Amid the thuds of volleyballs cratering into 29 courts in near-90-degree heat, Tanna Aljoe tapped a floater into the back-left corner of the court, where it splashed in the sand.
“Woooo!” she yelled before high-fiving her partner, Brittany Fennell. It marked the duo’s first point of their first match early Thursday afternoon at the Hermosa Beach Open, part of the Association of Volleyball Professionals’ 2018 tour.
The event started Thursday with qualifying and will continue through championship Sunday. The weekend slate will feature tour professionals such as three-time U.S. Olympian Jake Gibb and partner Taylor Crabb, the duo that won the men’s competition last year.
But on Thursday, none of the pros had arrived yet. Day One is about the up-and-comers who hope to qualify and challenge the pros.
“It’s a dream,” Aljoe said of making it this far, “and right now, we’re living it.”
Question is, how long can those dreams stay alive?
Aljoe played indoor volleyball at North Carolina State through the 2015 season; Fennell played at Clemson through her graduation in 2012. They met when Aljoe played a season of beach volleyball for UNC-Wilmington in 2017, when Fennell was the team’s assistant coach.
The two have played together since, traveling the Southeastern U.S. to participate in tournaments and earn points just to qualify for the Hermosa Beach qualifiers.
Fennell is a pharmaceutical rep who specializes in dermatology and lives in Charleston, S.C. . Aljoe moved to San Diego in May, where in addition to being a part-time professional beach volleyball player, she’s also works part time in digital marketing.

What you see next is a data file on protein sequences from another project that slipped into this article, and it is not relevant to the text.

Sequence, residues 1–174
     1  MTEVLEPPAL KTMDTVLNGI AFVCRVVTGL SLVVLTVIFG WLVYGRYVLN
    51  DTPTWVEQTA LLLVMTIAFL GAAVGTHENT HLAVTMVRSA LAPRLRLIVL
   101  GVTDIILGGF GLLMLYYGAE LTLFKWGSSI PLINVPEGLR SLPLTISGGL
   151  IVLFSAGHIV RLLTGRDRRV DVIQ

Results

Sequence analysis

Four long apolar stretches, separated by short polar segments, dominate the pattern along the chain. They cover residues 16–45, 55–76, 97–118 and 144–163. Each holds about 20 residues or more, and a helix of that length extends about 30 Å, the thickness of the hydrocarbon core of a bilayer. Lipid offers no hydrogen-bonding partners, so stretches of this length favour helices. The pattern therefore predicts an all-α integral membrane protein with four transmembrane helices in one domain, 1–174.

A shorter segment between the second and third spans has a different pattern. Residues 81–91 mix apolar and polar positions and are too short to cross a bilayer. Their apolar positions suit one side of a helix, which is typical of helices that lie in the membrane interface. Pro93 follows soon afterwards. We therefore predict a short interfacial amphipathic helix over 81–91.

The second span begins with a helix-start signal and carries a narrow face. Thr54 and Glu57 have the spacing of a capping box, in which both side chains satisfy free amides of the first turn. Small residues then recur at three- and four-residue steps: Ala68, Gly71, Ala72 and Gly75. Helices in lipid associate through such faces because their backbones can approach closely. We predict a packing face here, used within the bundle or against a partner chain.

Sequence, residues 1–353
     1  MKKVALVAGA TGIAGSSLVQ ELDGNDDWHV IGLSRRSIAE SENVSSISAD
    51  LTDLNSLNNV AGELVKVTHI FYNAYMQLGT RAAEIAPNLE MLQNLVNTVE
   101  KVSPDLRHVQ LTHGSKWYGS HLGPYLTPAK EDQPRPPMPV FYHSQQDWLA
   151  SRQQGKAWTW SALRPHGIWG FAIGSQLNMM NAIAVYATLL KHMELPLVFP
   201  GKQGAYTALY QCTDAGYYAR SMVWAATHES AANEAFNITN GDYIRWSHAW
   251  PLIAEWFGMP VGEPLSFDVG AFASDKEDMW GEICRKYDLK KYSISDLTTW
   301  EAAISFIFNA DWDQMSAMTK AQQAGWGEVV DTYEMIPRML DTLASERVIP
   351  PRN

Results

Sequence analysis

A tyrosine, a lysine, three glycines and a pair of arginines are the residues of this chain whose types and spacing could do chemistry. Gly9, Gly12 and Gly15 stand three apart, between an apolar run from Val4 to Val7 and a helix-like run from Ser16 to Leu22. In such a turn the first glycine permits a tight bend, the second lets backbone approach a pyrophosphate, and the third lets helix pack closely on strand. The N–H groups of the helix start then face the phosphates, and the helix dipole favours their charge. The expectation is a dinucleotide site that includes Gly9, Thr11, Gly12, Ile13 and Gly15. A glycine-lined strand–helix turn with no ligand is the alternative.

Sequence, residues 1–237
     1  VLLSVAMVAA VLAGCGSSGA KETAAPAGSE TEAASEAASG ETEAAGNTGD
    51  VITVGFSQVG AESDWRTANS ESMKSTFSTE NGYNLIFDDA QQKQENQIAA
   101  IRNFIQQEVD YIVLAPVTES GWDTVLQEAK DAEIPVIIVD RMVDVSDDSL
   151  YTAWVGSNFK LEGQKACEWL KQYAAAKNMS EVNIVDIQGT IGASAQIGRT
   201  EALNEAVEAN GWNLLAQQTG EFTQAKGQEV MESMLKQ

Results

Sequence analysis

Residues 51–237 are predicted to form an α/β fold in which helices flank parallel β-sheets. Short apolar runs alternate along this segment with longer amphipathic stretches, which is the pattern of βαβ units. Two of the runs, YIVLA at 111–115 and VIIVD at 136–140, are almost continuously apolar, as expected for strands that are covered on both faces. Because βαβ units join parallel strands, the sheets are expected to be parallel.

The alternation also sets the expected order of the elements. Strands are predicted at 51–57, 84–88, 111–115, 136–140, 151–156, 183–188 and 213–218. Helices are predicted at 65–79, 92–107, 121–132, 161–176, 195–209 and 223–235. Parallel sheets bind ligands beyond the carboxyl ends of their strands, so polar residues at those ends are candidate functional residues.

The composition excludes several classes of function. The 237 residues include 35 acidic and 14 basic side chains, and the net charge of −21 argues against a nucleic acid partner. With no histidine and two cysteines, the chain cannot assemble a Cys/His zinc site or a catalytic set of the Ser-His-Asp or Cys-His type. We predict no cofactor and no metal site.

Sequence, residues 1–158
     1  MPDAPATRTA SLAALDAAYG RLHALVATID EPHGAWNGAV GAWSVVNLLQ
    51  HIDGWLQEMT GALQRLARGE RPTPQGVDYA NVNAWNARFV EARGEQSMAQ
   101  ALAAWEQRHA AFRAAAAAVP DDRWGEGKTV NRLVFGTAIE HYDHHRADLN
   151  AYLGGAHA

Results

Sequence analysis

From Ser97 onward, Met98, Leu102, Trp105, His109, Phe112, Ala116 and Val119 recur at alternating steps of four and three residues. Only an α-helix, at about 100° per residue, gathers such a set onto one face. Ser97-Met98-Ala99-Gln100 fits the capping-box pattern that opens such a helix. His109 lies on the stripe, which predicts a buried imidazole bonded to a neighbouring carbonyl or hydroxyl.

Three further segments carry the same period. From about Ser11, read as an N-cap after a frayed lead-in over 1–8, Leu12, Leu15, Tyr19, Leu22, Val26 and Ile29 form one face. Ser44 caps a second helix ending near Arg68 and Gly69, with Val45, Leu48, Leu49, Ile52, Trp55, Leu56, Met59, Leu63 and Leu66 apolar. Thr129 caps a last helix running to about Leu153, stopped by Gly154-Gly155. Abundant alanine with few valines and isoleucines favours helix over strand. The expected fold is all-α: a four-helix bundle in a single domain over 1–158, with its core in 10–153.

“It was a sport I didn’t wanna give up on in my adult life,” Fennell said, “and now it’s something where I can still have a career and have my volleyball career as well.”
The same could be said for Brandon Joyner. He played indoor volleyball at George Mason University and, after graduating, became an assistant coach at his alma mater as well as a professional indoor player in Finland and Sweden.
He eventually grew homesick and became an eighth-grade social studies teacher in Virginia Beach, Va.. He’s spent his summer following the AVP tour and participating in its qualifiers, and has made it to every one — from New York to Seattle — except for the event in Austin, Texas.
“I had a wedding to go to,” he explained, “or I would’ve been there, too.”
For Joyner, advancing past the qualifying rounds has become a minor obsession. After spending years trying to perfect his game, that step would be one of deliverance.
He even corrected himself when he said he wants to make it to that stage. He said it’s more of a need.
“You wake up every morning, and that’s kinda the first thought in your mind,” he said. “It’s, ‘OK, I have two weeks until I have another opportunity to get one step closer to a dream that could possibly make me really, really happy.’ ”
That dream is accessible to few, though, and AVP is trying to change that through AVPFirst, a standalone nonprofit operation headed by Tony Giarla. The program started in 2015 with a focus on youth competition, which this year culminates in Hermosa Beach with the AVPFirst national championship.
The program’s current competitors are kids with means, but Giarla said the next phase of AVPFirst is growing beach volleyball in untapped communities.
For now, though, the youth competition features 270 teams from the U.S., Canada, Australia and Mexico. The main qualifying rounds feature 190 male and female teams, with eight spots available for the final bracket of 24.
The event is expecting crowds of 10,000-15,000 per day (admission is free). Aljoe and Fennell hope to hear those weekend cheers.
The duo finished their first match with a 21-11, 21-14 victory and exited the court dusted in sand. Only two matches left to qualify for the 24-team main draw and a chance to upset the pros.
But right now, just like the pros, it’s one dream at a time.